It is pretty clear that UK high streets in their current traditional form are dying.
With close to 20,000 businesses going under and nearly 150,000 jobs in the retail and hospitality sector disappearing in 2018 alone, you don’t have to search hard to find a high street in decline.
However, if we are to save the high street then we need to understand how consumers feel about it, and whose responsibility it is to save it.
What do consumers think?
As high streets wither away and die as shopping footfall continues to drop, it appears as though consumers don’t care and have gone all in with online and out-of-town shopping centres. However, this is not the case.
As revealed in our High Street Rebooted report, which surveyed 2,000 consumers and was produced in partnership with Retail Week, almost nine out of 10 shoppers would care if high streets disappeared.
With convenience (63%), price (46%) and testing products (30%) still being the main reasons consumers visit the high street, it seems that there is still a role for town centres in many consumers’ eyes.
Historically, too, high streets have been the centres of communities for hundreds of years, often playing an important role not just in commerce, retail and business but also for social gatherings and events.
“87% of shoppers would care if high streets disappeared”
In fact, nearly one in five of us still visit high streets just to eat at a restaurant and meet with family and friends.
However, despite all this, the truth is that we are using high streets less. Worryingly, 65% of consumers admit that their spending on the high street is not increasing.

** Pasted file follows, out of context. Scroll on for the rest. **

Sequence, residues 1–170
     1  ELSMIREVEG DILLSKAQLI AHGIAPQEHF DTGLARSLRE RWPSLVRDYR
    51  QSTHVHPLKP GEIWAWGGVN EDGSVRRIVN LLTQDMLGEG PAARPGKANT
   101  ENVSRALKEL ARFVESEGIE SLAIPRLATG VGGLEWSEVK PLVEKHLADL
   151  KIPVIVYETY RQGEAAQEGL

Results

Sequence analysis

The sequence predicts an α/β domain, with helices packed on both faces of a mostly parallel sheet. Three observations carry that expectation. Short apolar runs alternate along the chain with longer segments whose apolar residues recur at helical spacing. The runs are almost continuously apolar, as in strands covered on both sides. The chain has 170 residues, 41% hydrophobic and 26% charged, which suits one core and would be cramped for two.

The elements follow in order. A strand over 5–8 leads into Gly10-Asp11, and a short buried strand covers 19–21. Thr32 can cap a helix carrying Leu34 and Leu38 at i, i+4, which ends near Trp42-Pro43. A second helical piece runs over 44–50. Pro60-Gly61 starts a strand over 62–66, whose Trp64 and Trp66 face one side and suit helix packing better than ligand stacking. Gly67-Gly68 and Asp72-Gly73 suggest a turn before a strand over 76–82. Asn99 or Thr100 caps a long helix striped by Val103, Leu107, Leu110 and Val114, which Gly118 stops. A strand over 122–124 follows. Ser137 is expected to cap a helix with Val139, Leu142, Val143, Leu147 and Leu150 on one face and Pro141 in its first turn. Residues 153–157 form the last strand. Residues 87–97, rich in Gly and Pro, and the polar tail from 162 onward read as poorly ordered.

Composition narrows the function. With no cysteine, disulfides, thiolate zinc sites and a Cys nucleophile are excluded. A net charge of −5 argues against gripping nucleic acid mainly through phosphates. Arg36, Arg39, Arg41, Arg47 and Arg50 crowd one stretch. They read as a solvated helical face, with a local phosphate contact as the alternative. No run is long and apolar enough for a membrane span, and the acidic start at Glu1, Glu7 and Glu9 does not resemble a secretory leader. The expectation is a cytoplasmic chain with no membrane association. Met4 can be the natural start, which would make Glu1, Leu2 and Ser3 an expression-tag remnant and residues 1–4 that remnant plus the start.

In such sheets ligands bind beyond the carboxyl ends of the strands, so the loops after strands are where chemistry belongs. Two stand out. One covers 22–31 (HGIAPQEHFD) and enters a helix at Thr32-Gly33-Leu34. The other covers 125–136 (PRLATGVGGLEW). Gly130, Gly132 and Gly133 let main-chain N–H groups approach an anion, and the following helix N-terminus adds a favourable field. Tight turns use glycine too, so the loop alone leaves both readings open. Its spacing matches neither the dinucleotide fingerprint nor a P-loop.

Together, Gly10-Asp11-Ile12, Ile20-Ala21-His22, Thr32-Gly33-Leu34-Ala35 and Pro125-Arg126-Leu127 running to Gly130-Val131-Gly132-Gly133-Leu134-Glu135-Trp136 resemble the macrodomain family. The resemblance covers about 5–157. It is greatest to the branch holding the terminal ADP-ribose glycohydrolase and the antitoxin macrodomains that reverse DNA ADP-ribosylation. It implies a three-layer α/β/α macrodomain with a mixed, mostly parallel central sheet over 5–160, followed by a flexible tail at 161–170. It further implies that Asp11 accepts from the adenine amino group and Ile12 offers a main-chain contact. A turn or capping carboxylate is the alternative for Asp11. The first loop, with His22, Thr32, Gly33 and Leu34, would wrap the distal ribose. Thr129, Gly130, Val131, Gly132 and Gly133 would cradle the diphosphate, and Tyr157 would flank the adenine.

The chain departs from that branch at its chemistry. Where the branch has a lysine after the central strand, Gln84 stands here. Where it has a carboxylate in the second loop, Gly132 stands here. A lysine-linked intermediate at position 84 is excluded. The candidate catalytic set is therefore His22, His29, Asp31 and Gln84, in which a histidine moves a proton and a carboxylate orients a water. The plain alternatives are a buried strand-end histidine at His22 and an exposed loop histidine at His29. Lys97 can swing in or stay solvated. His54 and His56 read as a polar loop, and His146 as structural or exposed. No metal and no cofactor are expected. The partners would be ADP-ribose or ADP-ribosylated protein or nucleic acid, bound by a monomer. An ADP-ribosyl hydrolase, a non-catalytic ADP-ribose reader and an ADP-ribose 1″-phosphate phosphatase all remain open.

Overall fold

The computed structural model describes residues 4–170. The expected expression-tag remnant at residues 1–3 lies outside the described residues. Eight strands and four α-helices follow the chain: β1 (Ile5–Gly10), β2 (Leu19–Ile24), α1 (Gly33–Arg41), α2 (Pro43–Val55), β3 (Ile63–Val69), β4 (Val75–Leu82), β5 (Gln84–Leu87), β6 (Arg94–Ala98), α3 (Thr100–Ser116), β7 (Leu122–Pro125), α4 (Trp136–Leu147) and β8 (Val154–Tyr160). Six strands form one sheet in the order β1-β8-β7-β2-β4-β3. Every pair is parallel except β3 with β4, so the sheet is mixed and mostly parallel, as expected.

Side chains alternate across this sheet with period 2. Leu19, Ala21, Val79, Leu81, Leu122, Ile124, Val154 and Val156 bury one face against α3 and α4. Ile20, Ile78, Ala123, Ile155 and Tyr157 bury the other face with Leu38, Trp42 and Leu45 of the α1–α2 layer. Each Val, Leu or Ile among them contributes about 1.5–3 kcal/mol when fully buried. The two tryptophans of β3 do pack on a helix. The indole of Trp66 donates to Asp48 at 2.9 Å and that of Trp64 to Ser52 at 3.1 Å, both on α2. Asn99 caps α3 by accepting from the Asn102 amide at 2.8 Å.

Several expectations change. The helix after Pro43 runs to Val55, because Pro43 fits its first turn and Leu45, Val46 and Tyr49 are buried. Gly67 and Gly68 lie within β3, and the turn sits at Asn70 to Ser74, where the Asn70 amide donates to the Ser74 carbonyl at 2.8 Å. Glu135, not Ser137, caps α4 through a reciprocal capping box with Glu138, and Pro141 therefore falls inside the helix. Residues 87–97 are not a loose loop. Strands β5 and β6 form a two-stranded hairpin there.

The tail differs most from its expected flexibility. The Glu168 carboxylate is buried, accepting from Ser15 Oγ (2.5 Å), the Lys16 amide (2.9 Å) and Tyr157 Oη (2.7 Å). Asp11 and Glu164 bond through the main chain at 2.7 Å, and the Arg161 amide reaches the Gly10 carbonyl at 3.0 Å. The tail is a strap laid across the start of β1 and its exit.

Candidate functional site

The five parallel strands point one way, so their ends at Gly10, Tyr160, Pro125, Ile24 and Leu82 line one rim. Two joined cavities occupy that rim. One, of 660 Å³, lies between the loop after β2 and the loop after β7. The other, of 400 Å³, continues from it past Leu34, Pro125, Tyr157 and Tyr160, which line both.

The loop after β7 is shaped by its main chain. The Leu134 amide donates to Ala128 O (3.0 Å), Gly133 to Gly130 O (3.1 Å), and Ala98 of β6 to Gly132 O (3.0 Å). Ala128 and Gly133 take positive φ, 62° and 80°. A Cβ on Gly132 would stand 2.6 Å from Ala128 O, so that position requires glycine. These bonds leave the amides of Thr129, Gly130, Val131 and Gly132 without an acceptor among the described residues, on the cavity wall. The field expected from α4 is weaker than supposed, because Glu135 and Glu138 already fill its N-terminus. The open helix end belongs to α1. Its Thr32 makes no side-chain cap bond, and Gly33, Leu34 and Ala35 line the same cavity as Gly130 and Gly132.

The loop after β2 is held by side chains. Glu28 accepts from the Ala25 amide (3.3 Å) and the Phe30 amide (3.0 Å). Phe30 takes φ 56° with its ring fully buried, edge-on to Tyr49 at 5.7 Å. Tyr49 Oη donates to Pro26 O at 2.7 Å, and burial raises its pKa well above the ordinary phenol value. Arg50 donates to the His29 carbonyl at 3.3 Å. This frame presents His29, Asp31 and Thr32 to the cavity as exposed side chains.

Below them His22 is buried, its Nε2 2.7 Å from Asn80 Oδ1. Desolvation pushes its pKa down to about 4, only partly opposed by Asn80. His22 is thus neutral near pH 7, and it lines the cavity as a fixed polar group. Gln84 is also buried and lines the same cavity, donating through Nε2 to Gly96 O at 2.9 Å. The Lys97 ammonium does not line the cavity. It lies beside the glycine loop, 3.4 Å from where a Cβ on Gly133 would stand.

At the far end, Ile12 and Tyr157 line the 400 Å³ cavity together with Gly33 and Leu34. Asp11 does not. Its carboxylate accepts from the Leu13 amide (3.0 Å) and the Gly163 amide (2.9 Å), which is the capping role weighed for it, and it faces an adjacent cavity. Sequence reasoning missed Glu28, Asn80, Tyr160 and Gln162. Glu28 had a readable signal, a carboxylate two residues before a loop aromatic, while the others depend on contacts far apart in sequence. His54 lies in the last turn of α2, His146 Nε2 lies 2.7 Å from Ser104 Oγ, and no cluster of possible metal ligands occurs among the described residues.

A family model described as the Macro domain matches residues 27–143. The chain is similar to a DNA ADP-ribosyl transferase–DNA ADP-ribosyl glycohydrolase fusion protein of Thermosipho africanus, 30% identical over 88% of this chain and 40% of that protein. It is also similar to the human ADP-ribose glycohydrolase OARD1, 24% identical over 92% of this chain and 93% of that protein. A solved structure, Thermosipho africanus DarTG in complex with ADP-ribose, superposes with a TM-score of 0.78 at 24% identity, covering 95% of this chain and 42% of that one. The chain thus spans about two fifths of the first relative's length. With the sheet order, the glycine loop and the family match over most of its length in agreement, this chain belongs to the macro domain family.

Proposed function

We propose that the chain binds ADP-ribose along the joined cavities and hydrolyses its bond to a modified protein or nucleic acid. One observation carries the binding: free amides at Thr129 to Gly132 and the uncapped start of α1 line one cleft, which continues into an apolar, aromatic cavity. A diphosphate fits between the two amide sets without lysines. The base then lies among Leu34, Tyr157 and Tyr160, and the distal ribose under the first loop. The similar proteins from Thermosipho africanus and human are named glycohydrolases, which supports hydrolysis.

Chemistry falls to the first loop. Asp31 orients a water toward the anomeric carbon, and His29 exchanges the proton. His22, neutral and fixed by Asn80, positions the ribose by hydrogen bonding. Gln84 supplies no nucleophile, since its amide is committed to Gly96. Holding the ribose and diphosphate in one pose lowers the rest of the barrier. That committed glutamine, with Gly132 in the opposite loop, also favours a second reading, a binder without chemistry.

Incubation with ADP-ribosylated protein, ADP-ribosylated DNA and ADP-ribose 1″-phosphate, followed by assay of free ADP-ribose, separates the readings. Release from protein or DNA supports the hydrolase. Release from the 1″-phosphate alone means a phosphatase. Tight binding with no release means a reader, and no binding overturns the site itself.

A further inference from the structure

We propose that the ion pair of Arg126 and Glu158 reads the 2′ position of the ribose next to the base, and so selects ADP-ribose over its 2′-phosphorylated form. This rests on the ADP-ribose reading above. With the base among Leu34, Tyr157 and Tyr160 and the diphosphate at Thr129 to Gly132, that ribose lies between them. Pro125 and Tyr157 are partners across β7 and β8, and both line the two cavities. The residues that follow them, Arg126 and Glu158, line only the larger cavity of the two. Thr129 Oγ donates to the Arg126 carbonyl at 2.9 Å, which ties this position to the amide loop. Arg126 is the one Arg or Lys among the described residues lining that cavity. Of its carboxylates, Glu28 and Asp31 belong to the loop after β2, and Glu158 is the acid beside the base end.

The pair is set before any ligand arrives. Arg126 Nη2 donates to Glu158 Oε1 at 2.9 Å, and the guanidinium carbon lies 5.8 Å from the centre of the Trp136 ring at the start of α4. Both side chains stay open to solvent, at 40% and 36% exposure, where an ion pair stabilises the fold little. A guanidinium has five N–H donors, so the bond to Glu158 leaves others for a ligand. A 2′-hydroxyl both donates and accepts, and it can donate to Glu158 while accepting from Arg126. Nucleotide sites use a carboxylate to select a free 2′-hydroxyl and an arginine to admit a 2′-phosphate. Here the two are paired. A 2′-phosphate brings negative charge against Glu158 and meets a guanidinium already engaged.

It is unsurprising then to learn that a similar level of around two-thirds (67%) of customers do not believe that high streets can survive in their current form.
More worryingly still, 12% expect their local high street to disappear in just the next two years.
Rebooting the high street
So despite the common consensus that high streets are important and should be saved, the current way they are set up does not attract customers to visit or spend money.
“Focusing on areas such as queueing and easy ways to pay could help to increase high street spend”
To help address this, retailers need to offer the kind of services that customers now expect, such as promotions and loyalty schemes, which around half (55% and 49% respectively) of consumers picked out as possible areas that would incentivise them to use the high street more.
Leveraging the latest payment technologies to deliver these is certainly one way for retailers to immediately make a difference.
In a similar vein, taking a back-to-basics approach that focuses on areas such as queueing and easy ways to pay would go a long way towards increasing the amount people spend on the high street too, according to 44% and 27% of consumers respectively.
Taking this a step further and turning stores into experience centres – where consumers can try products in store, order online or have them delivered directly to their home, while also visiting the next-door gym or restaurant – will help turn high streets back into destinations that people want to visit rather than have to.
Nonetheless, fixing the high street is not the sole responsibility of retailers and restaurateurs.
Despite 51% of consumers believing it is the role of local authorities to fix them, breathing life back into our high streets will need multiple parties to come together.
To truly make a difference, retailers need to start promoting joined-up thinking between all stakeholders on the high street.
Only by working together and rethinking the purpose of the high street, while leveraging the latest technologies, can stakeholders create high streets that will not only survive but thrive in 2019 and beyond.
To learn more about consumer perceptions and habits around UK high streets as well as how technology and new approaches can save it, download the High Street Rebooted report for free.
Angus Burrell is general manager UK, omnichannel solutions, at Valitor
Burrell joined Valitor in October 2011 as UK sales director and opened the company’s first UK office in London. Since then, he has been responsible for international partnerships, driving a particular focus on retail technology partners, and in January 2018 became general manager UK.